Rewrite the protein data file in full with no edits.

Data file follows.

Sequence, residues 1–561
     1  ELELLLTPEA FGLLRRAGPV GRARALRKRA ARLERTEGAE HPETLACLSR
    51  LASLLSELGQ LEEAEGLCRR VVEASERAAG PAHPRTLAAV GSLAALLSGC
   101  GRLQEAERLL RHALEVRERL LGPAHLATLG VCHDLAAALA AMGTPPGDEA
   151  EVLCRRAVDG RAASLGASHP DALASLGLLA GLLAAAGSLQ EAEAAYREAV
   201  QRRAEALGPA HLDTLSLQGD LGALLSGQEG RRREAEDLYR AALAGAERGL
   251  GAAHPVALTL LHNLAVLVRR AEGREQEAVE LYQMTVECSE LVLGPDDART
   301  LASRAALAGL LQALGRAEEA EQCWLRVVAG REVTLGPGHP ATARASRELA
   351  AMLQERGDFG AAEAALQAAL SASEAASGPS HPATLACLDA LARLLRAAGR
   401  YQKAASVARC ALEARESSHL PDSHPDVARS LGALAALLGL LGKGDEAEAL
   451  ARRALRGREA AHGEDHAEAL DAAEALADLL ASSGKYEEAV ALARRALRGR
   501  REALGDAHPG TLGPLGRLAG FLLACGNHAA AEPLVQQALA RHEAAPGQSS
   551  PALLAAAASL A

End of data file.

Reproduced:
Sequence, residues 1–561
     1  ELELLLTPEA FGLLRRAGPV GRARALRKRA ARLERTEGAE HPETLACLSR
    51  LASLLSELGQ LEEAEGLCRR VVEASERAAG PAHPRTLAAV GSLAALLSGC
   101  GRLQEAERLL RHALEVRERL LGPAHLATLG VCHDLAAALA AMGTPPGDEA
   151  EVLCRRAVDG RAASLGASHP DALASLGLLA GLLAAAGSLQ EAEAAYREAV
   201  QRRAEALGPA HLDTLSLQGD LGALLSGQEG RRREAEDLYR AALAGAERGL
   251  GAAHPVALTL LHNLAVLVRR AEGREQEAVE LYQMTVECSE LVLGPDDART
   301  LASRAALAGL LQALGRAEEA EQCWLRVVAG REVTLGPGHP ATARASRELA
   351  AMLQERGDFG AAEAALQAAL SASEAASGPS HPATLACLDA LARLLRAAGR
   401  YQKAASVARC ALEARESSHL PDSHPDVARS LGALAALLGL LGKGDEAEAL
   451  ARRALRGREA AHGEDHAEAL DAAEALADLL ASSGKYEEAV ALARRALRGR
   501  REALGDAHPG TLGPLGRLAG FLLACGNHAA AEPLVQQALA RHEAAPGQSS
   551  PALLAAAASL A